“Doctors are managing the majority of people with mental health problems in Northern Ireland. That’s the reality. Most people in Northern Ireland with mental health issues are being treated with anti-depressants and/or counselling.

“The community/voluntary sector is also taking a huge hit in terms of helping people with mental health problems.”

She pointed out that psychological therapy hubs, which will assist doctors, are going to be expanded. “Right now GPs are swamped. They need a lot more resources,” she said.

“The point of the strategy is that if someone needs treatment for mental illness then they will get that treatment. And they will get it provided through the regional health service.”

The announcement of her appointment as Mental Health Champion was greeted with huge applause on social media. But some others voiced scepticism, including Participation and the Practice of Rights (PPR); Koulla Yiasouma, the NI Commissioner for Children and Young People (NICCY); and suicide prevention campaigner Philip McTaggart.

“There is a legitimate view in how can you work with a group and then criticise them? But I think it’s important to be a part of the change that you are helping to drive. I’ve been critical in the past year of certain policy decisions. I’ve been very vocal. I use my social media for that. I intend to continue to do that,” said Prof O’Neill. I also pointed out that her office can only make recommendations. It does not have statutory powers to order inquiries as is the case with the Police Ombudsman’s Office of Northern Ireland.

“You are right,” replied Prof O’Neill. “One of the discussions was should this be a mental health commissioner-type role? That is a very different role. That’s about looking at mental health services and equality of services. For me this is about policy development and making sure that we have the best possible treatments and interventions. We use the best academic evidence and we listen to people with lived experience.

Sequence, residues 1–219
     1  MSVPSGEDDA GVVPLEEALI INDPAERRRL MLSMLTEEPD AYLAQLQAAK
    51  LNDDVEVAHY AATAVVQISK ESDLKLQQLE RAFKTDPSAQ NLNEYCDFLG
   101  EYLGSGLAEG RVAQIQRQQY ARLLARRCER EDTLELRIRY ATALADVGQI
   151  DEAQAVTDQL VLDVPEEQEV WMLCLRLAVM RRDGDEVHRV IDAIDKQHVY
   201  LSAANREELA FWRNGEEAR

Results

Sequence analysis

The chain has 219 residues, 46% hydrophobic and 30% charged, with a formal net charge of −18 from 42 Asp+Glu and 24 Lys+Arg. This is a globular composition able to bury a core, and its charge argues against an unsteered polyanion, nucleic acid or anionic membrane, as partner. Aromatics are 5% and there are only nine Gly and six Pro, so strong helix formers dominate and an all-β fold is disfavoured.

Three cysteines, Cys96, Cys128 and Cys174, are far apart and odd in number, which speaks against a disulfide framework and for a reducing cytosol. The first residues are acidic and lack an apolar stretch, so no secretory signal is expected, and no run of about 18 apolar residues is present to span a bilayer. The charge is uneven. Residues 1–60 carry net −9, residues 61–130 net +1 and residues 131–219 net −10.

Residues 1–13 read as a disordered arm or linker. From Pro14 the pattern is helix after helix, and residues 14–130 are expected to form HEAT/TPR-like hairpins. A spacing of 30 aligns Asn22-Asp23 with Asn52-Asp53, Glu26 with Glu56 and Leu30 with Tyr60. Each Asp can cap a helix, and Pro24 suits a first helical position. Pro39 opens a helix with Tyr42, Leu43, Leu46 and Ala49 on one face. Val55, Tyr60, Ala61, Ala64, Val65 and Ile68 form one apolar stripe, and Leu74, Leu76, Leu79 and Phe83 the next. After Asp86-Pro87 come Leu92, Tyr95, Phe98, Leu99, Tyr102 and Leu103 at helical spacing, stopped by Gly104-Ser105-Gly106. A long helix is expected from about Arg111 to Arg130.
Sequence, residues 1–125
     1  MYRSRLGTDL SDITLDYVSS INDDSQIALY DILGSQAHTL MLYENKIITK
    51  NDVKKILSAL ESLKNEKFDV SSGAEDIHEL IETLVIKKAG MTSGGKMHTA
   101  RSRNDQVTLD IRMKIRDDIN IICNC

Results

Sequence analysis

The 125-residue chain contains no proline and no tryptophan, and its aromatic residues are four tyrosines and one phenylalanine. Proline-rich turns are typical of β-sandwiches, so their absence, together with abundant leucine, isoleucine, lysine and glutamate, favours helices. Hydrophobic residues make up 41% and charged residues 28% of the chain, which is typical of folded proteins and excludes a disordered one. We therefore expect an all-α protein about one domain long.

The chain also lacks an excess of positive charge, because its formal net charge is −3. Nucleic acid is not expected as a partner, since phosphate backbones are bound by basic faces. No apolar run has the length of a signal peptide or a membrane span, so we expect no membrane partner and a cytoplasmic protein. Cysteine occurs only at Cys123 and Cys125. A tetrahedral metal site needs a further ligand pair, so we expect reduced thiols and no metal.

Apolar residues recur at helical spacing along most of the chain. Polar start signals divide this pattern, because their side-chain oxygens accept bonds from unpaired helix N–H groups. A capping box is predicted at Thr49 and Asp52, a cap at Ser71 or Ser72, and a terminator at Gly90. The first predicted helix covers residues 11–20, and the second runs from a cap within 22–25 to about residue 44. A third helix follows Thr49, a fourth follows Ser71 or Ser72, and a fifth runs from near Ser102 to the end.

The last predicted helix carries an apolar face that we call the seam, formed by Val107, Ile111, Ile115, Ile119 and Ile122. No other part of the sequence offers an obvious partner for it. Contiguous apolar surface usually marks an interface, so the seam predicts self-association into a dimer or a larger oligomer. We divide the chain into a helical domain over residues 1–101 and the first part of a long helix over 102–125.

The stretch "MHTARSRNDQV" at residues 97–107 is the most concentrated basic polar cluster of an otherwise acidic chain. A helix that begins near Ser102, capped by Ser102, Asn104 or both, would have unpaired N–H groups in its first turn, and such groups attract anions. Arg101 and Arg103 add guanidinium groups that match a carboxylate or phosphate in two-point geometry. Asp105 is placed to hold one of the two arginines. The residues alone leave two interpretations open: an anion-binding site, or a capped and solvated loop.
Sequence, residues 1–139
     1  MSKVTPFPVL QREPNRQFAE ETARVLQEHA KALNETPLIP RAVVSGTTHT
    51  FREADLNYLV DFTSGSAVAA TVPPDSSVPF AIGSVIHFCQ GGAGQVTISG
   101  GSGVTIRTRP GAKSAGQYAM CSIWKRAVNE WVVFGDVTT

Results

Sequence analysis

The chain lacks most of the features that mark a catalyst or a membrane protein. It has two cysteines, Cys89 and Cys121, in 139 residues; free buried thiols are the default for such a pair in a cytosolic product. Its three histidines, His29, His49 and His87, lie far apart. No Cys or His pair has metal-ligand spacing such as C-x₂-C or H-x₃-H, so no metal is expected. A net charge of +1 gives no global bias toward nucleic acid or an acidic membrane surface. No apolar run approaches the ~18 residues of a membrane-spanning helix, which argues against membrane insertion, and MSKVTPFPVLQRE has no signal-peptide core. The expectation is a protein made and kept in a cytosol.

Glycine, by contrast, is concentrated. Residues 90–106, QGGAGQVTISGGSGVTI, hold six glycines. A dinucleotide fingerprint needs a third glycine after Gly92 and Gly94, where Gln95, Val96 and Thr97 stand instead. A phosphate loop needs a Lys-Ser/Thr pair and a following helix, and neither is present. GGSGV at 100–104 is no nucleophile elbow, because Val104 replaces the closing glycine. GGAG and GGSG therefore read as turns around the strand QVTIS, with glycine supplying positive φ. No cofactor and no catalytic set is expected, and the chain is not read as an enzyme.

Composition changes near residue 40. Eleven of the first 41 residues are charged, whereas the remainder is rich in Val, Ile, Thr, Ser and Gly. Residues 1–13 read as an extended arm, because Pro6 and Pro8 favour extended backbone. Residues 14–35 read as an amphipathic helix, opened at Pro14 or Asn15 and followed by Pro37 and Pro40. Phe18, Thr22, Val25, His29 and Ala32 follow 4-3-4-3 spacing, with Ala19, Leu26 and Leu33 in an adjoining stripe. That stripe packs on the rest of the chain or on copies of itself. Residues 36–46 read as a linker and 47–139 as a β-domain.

“My role is about working with policy makers. I’m comfortable with my role. I wouldn’t have applied for it if I felt I had absolutely no power. I believe that this is a really good thing to do. I think there should be more academics working with government to create change.”

My final question to Prof O’Neill was about the decision to appoint her. Against unrelenting grim statistics about the mental health crisis and an increasing number of suicides, did she worry that the job created was all about the optics, that the Department of Health had to be seen to be doing something?

“I had been working with government departments for a long time. I was uncomfortable about accepting the position of interim Mental Health Champion because I hadn’t applied for it. But once I started working with them, I could see that change was happening. It wasn’t just optics. People would feel the difference on the ground with improved services, such as perinatal mental health provision. I also don’t have a relationship with any of the political parties. None of them have said what I can and can’t say.

“If I’m sitting on the strategic reform boards and in two years time, if this thing is not happening, because other government departments are not putting money into it, I’ll have to say something or do something. I’m obliged to do it. I couldn’t sleep in my bed if I didn’t do it.”